VIVUS says study shows addition of Qsymia to LSG surgery improved weight loss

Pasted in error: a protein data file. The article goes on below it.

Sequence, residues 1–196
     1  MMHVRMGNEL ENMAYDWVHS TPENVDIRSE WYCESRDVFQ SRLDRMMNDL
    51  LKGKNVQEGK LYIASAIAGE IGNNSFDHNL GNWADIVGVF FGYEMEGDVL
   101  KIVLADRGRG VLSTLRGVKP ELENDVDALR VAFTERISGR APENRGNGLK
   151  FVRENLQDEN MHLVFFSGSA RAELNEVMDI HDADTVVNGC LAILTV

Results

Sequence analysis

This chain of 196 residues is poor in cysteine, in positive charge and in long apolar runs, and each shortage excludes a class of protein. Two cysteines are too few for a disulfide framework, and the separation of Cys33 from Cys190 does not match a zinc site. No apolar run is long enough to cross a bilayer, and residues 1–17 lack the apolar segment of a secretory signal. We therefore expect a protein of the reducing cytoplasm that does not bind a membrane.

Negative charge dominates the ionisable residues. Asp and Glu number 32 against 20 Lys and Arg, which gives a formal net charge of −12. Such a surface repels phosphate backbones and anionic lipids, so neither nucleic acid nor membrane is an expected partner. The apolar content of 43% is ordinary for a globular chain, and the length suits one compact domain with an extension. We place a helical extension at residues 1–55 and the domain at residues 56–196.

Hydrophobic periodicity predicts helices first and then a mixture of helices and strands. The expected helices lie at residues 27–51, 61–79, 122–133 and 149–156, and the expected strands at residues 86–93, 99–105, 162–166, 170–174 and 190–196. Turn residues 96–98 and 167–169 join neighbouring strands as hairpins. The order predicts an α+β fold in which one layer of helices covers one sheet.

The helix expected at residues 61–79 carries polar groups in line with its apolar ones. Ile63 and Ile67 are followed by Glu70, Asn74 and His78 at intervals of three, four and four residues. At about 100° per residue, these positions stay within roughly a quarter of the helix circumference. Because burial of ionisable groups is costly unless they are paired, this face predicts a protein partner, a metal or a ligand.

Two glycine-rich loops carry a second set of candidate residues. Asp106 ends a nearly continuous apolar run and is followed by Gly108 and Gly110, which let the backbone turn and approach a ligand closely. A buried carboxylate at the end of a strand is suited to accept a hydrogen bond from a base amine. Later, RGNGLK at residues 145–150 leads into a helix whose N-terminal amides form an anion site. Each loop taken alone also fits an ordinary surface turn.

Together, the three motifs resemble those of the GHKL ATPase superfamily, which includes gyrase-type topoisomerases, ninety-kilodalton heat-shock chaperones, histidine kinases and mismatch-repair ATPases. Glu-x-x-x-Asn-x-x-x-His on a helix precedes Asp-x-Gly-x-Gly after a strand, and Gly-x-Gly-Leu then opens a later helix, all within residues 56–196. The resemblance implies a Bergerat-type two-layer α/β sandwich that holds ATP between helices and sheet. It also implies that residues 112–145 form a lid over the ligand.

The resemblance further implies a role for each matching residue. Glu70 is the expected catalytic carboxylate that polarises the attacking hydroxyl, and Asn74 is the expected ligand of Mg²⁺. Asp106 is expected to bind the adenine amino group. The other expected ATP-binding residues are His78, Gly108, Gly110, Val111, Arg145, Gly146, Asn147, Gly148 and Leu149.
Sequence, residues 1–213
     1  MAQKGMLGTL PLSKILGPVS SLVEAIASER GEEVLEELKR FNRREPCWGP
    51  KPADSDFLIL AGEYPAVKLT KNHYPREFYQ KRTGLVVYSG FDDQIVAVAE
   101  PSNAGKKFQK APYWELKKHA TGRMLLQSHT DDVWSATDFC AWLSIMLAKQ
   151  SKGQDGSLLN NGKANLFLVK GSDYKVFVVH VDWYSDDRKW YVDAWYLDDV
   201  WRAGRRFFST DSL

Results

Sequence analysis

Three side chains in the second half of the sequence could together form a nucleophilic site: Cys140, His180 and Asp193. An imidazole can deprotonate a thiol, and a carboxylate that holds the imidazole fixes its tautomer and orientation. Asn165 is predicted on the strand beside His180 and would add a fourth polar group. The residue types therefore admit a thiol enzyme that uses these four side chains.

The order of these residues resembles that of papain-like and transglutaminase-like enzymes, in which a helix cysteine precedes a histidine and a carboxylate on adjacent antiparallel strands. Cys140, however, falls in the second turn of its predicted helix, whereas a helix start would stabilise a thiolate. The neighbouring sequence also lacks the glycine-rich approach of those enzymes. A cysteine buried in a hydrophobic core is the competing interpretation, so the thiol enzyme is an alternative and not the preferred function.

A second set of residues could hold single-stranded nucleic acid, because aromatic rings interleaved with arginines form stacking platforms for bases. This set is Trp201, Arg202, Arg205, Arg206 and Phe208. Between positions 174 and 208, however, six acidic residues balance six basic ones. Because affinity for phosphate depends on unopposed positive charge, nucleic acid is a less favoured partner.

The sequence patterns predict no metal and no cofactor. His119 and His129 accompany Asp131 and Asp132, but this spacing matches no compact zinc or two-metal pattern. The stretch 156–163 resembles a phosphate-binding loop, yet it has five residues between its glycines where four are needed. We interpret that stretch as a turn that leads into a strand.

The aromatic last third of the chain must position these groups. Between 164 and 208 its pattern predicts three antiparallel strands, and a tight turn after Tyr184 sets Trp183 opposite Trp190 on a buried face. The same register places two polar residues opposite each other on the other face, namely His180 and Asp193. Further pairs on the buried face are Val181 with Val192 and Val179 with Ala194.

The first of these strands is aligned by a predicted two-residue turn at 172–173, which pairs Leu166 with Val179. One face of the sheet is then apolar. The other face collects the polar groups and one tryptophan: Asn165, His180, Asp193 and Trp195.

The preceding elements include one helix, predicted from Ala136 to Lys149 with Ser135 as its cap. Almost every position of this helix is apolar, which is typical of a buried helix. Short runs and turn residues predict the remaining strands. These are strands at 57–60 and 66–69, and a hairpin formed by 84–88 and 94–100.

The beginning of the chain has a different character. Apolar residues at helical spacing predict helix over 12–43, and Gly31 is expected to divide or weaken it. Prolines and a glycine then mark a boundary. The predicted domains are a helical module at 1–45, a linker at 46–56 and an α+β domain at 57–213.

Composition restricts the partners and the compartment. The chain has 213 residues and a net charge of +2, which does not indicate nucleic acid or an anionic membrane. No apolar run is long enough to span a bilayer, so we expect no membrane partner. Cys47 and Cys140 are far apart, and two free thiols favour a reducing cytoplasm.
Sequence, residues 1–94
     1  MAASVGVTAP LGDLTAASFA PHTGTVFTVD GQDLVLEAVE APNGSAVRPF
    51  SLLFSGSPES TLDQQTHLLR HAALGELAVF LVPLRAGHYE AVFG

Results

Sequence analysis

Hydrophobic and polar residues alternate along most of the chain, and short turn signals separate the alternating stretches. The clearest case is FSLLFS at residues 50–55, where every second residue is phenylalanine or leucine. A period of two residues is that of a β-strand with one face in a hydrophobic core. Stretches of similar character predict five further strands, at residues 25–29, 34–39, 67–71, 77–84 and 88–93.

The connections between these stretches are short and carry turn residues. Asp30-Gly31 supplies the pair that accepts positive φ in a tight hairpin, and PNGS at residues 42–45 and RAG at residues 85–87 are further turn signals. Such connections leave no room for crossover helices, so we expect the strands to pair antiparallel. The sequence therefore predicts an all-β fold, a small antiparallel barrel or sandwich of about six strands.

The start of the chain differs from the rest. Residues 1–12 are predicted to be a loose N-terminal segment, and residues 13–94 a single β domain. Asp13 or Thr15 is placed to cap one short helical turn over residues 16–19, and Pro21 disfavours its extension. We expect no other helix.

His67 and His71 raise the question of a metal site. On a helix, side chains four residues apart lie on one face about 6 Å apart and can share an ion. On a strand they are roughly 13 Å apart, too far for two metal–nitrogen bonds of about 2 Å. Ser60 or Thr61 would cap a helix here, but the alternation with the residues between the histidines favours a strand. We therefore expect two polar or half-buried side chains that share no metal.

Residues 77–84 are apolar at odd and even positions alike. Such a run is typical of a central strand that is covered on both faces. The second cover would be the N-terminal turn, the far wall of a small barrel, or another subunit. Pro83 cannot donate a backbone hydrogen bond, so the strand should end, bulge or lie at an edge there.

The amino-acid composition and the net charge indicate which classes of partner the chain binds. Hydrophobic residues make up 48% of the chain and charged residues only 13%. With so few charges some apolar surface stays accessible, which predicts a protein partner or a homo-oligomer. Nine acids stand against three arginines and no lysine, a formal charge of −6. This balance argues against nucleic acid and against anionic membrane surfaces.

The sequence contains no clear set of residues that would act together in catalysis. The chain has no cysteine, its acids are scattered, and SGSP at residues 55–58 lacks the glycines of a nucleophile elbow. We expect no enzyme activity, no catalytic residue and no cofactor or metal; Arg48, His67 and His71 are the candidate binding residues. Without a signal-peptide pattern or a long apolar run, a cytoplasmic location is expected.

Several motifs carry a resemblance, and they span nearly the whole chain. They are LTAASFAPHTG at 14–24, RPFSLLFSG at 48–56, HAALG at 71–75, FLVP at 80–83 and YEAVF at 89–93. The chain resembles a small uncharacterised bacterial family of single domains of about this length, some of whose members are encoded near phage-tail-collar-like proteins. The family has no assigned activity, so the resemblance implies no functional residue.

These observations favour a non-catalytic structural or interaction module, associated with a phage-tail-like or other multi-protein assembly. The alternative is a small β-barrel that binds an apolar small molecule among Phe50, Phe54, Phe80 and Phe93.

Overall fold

VIVUS announced the results of a pilot clinical study demonstrating that patients receiving Qsymia capsules CIV before and after laparoscopic sleeve gastrectomy surgery lost more weight and had a greater probability of achieving a body mass index of less than 40 compared with patients undergoing surgery alone without anti-obesity medication. The study was conducted at the Wake Forest School of Medicine and the results appear in the current issue of Surgery for Obesity and Related Diseases. In addition to increased surgical risk, patients with a BMI of 50 or greater are likely to have a BMI of 40 or greater even after successful surgery. Physicians often address this issue by offering patients a two-stage weight loss process that involves an initial LSG followed by a second surgical procedure after initial post-LSG weight loss. Treatments that allow patients to achieve BMI of less than 40 after the initial LSG could reduce the need for a second surgical procedure, decreasing health risks and costs. The pilot study recruited 25 participants with a BMI of 50 or more who were planning to undergo LSG. Patients in the control group had a BMI of 50 or more and underwent LSG in the same timeframe but were not included in the study protocol. Patients in the experimental arm received Qsymia at a dose of 3.75/23 mg once daily for two weeks, which was then increased to 7.5/46 mg or 15/92 mg daily in order to achieve the greatest weight loss with the fewest side effects. Patients tapered off the medication beginning two weeks prior to surgery in order to avoid potential interactions between phentermine and anesthesia and resumed dosing at 7.5/46 mg daily one month following LSG, with dose adjustments made monthly over the next two months. Patients then continued to utilize Qsymia for a 24-month period. Key findings from the study include: The experimental group had a baseline BMI of 61.2 +/- 7.1 kg/m2 compared with 57.0 +/- 5.6 kg/m2 for control participants. At 24 months, the mean BMI was 33.8 kg/m2 for the experimental group vs. 42 kg/m2 for control participants. Of the 25 patients recruited, 13 completed LSG. Patients who did not complete LSG were due to: medical complications unrelated to Qsymia, decision not to pursue surgery, Qsymia-related adverse events, because they were lost to follow-up and withdrawn from the study or opted to undergo a surgical procedure other than LSG. Patients in the experimental arm lost more than twice the weight with an average of 28.1 kg during the pre-operative period compared with an average of 12.3 kg for those in the control group. At two years post-LSG, the experimental group lost 11.2% more of initial body weight compared with controls, which translates to a -18.2% difference in percent excess weight loss (%EWL) of favoring the experimental group. A higher proportion of patients in the experimental group compared with controls achieved a BMI less than 40 at 3, 6, 12 and 24 months post-LSG. There was a significant increase in the odds of achieving BMI less than 40 for the experimental group compared with controls at 6 months post-LSG; at 24 months the odds ratio remained 4.1 but was no longer statistically significant. The study authors conclude that for patients with a BMI of 50 or more the combination of LSG and phentermine/topiramate ER had a robust impact on patients both before and for up to two years after LSG surgery.